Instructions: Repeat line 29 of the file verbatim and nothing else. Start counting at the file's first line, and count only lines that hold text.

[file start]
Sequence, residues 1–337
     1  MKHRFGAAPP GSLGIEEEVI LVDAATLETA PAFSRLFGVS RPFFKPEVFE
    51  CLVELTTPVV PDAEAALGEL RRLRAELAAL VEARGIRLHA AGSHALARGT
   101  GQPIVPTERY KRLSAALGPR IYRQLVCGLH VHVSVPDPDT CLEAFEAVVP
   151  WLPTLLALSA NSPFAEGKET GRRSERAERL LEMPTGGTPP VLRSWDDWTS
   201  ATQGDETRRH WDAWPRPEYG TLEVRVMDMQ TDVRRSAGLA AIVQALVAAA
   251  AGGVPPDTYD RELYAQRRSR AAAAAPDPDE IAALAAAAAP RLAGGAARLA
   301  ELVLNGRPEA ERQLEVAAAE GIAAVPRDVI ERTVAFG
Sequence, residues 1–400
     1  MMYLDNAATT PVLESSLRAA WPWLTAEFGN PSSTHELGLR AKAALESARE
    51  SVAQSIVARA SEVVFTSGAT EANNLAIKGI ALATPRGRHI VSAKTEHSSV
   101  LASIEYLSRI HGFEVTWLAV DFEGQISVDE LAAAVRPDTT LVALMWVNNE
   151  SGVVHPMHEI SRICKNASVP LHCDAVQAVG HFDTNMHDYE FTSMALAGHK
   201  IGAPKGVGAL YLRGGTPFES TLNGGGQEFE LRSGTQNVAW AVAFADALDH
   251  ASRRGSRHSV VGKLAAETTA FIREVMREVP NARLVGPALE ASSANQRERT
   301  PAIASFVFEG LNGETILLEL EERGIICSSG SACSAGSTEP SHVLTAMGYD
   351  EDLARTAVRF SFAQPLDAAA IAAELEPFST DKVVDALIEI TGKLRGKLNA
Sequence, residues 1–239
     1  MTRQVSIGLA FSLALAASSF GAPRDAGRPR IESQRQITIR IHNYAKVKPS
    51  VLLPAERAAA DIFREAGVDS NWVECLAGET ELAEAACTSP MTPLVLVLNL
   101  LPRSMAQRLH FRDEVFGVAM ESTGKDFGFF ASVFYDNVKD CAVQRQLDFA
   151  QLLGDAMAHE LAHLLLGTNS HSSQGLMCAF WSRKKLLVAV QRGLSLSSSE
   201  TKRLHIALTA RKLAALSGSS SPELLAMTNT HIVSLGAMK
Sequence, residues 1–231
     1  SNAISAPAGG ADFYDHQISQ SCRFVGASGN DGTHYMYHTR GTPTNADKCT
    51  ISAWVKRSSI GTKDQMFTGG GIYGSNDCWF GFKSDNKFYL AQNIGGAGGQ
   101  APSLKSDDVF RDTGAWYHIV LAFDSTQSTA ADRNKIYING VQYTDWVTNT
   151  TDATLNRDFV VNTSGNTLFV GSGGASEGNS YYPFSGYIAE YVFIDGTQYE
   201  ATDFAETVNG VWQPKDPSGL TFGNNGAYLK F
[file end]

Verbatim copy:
   201  ATDFAETVNG VWQPKDPSGL TFGNNGAYLK F